A Petersburg man who gained accolades by raising a $1,000 reward to help solve the 2019 murder of a young man he befriended was killed on Sunday after exchanging gunfire with an acquaintance, who became enraged at a popular gathering spot along the Appomattox River in Petersburg.
Willie Noise, 74, was shot dead after a man who occasionally hung out with Noise and his group of friends at “The Rock” on the Appomattox drove aggressively into the area — nearly hitting them with his truck as they sat at a table playing dominoes — and became verbally belligerent, according to witnesses.
Noise initially tried to defuse the situation and called police, the witnesses said.
Officers arrived and spoke with the group. But tensions escalated soon after the officers left, resulting in another man grabbing a gun and pointing it at Noise. Fearing he was about to be shot, Noise grabbed one of his own guns and fired, said Tom McRae, who witnessed the shooting.
The two men traded shots before both collapsed to the ground. Noise, who was hit with a shotgun blast to the face and arm, died at the scene. The other man was struck several times but his wounds were not life-threatening.
“He was in a rage,” McRae, 72, said of Jimmy Merhout, 52, who now stands charged with murder, felony use of a firearm and discharging a firearm in the commission of a felony.
Less than two years ago, Noise, reeling from the murder of Joey Spillane, 26, whom he considered a member of his family, took out a $1,000 loan from his credit union. He gave the money to Petersburg police to use as a reward for information leading to the arrest and conviction of Spillane’s killer.
Spillane, who was white, and Noise, who was Black, had developed a unique bond that transcended their age, race and cultural differences, and that extended for the most part to the larger group of men and women who frequently gather to fish, tell stories and share meals at a spot along the Appomattox, not far from the bridge that crosses into the Ettrick area of Chesterfield County.
Noise and the others had embraced Spillane — a married father with a 2-year-old daughter — as one of their own.
On Sunday, several members of the group had gathered again along the Appomattox. About 11 a.m., witnesses said, Merhout barreled into the area and came within inches of hitting a table where Noise and others were sitting by the river.
Merhout “went off” when one member of the group told Merhout to slow down, McRae said.
Noise then spoke up, telling Merhout: “There’s a way of doing things; we can talk about it,” McRae said. Merhout then “went off” on Noise and at one point displayed a gun. “It got so bad that Willie called the police.”
McRae said two officers arrived and they checked the guns in the possession of Merhout and Noise, and both were found to be legally carrying their firearms.
While the officers were still there, Merhout “got in his truck ... and it was like he just wanted to run everybody over out here,” McRae said.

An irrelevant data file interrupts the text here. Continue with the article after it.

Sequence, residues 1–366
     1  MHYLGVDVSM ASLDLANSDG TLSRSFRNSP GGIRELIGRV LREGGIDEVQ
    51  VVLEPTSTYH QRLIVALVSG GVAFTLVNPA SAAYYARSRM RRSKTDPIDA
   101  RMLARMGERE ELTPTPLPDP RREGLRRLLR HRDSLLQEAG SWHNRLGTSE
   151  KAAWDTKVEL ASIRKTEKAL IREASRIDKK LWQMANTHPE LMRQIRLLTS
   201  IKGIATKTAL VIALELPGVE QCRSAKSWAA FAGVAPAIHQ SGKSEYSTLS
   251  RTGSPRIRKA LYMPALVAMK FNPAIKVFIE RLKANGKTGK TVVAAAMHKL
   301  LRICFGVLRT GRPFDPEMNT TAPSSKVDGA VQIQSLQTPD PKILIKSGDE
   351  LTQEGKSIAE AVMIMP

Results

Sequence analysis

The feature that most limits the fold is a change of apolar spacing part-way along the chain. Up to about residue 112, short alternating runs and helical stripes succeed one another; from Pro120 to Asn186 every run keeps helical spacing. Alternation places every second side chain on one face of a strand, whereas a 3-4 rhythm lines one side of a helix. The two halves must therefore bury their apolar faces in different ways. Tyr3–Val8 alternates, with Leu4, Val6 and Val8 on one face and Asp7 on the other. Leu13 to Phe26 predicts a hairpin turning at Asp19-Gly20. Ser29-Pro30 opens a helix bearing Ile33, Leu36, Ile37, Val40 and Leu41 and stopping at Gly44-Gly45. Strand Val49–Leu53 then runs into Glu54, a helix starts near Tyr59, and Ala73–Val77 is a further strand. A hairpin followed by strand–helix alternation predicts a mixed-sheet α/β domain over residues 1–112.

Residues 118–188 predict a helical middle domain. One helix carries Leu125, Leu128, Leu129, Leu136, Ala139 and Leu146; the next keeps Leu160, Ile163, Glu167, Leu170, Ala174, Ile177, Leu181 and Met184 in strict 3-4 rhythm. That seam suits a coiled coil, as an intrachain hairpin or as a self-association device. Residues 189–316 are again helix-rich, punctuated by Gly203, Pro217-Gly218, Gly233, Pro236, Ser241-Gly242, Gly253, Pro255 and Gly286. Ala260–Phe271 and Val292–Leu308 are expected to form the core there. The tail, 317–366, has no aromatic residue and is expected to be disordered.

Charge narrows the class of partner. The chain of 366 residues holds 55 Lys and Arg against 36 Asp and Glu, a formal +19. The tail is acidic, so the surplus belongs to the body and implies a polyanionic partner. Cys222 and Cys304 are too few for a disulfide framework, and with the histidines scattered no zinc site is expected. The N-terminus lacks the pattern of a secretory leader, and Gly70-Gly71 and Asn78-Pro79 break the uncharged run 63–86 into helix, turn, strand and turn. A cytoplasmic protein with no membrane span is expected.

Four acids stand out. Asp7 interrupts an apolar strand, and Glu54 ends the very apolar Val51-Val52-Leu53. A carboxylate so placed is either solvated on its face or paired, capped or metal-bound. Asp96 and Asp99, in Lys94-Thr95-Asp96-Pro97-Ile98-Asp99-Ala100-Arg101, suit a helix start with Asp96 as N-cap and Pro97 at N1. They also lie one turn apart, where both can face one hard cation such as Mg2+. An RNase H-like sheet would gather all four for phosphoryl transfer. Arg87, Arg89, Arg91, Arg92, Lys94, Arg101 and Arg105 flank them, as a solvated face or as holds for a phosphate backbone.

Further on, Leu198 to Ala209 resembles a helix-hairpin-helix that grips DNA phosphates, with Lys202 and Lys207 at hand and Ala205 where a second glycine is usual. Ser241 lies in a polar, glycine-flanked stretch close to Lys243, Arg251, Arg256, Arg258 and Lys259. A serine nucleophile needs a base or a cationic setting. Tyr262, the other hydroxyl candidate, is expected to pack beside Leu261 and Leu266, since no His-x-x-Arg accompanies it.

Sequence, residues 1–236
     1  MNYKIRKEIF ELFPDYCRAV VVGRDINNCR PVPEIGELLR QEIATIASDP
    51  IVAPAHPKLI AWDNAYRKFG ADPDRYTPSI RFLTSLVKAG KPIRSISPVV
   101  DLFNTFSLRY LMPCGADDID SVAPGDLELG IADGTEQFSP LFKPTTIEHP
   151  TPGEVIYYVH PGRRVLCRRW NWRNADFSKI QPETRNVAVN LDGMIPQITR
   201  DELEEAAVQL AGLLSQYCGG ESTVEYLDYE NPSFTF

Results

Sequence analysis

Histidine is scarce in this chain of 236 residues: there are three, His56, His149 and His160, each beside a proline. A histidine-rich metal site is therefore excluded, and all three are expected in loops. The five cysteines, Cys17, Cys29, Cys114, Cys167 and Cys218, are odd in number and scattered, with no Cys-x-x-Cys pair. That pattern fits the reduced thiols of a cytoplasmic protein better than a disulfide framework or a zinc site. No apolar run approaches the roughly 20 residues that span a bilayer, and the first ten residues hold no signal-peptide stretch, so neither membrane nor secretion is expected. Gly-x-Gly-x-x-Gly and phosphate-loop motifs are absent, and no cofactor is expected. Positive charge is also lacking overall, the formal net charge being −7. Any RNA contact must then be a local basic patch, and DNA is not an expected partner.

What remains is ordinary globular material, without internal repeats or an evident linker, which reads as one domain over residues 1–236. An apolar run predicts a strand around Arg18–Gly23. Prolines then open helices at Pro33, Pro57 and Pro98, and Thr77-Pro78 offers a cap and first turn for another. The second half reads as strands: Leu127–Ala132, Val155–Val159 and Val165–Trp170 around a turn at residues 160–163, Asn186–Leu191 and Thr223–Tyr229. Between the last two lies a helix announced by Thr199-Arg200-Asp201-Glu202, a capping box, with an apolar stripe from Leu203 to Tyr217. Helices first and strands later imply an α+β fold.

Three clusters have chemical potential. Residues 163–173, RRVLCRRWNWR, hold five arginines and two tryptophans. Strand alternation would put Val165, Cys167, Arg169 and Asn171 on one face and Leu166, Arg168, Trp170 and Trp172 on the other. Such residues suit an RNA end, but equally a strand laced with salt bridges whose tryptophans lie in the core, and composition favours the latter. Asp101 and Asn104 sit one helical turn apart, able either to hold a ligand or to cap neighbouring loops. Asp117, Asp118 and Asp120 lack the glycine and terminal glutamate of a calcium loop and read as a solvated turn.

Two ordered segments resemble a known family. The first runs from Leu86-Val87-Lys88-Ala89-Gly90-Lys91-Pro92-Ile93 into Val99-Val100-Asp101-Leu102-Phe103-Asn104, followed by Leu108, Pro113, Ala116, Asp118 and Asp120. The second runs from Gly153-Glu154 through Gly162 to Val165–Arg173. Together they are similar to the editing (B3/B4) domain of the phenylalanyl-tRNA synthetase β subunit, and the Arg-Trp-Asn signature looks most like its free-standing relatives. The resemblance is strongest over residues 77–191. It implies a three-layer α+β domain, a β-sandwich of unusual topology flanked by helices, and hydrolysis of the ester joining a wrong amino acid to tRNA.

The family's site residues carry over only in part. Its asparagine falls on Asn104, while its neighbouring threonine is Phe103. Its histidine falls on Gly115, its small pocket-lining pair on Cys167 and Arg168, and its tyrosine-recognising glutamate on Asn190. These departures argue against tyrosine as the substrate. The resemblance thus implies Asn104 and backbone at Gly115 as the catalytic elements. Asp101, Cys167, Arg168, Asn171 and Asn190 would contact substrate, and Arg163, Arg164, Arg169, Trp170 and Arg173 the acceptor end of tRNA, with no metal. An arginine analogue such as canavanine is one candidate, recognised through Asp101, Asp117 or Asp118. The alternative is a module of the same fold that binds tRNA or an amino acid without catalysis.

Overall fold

McRae said he begged a police supervisor to “not let the two men stay here with those guns.” But police told McRae there was nothing they could do.
McRae said he also urged police to charge Merhout for reckless driving, but they declined because the incident occurred before they arrived. An officer suggested that witnesses travel to police headquarters and swear out a warrant, McRae said.
After police left, Merhout put a long gun on the hood of his truck, McRae said.
To that, Noise said, “You can do anything you want as long as you don’t pull that gun on me,” McRae said. At that point, Merhout turned around with the gun pointing at Noise, McRae added.
Noise, who had laid two weapons on the table where he was sitting, fired a .410 shotgun at Merhout; Merhout also fired.
Noise only had one shell in the gun, and he quickly loaded two or three more rounds and shot again. Merhout also fired again. “Then both of them fell at the same time,” McRae said.
Petersburg Deputy Chief Emanuel Chambliss confirmed that Noise and Merhout exchanged gunfire after a dispute over Merhout driving recklessly and “kicking up dirt and rocks.”
Chambliss said both Noise and Merhout had concealed-carry permits. He added that department officials are reviewing the initial police response to the dispute.
McRae had been one of Noise’s close friends for nearly a decade. And like Noise, McRae had befriended Spillane, the young man who was killed.
On Nov. 27, 2019, the night of Spillane’ death, he was riding in a car with McRae, after both left Club Char-Les-Manze on the north side of town, a social gathering spot where the close-knit group of friends was playing cards. It was about 11:15 p.m., and McRae agreed to drive Spillane, who didn’t have a car, part of the way home.
Shortly after McRae stopped for a red light at High Street and University Boulevard — where Spillane was to depart — someone opened fire on the car. Spillane was on the side of the car that took the gunfire. McRae suffered only a flesh wound to his knee.
The car’s gear shift was obliterated by the gunfire, but McRae said he managed to drive the vehicle to his home in the 800 block of McKenzie Street, about 0.1 of a mile away. McRae said the shooting happened so fast that he didn’t see the gunman or whether the gunfire came from a passing car.
The case remained unsolved until December, when Petersburg police announced they had arrested and charged Sincere Quarles, 20, of Petersburg in connection with Spillane’s murder. Police have not disclosed the circumstances of Spillane’s slaying or said whether the victim was acquainted with the suspect.
Quarles, who was charged with being a principle in the second degree to first-degree murder, is scheduled to appear July 16 for his preliminary hearing in Petersburg General District Court.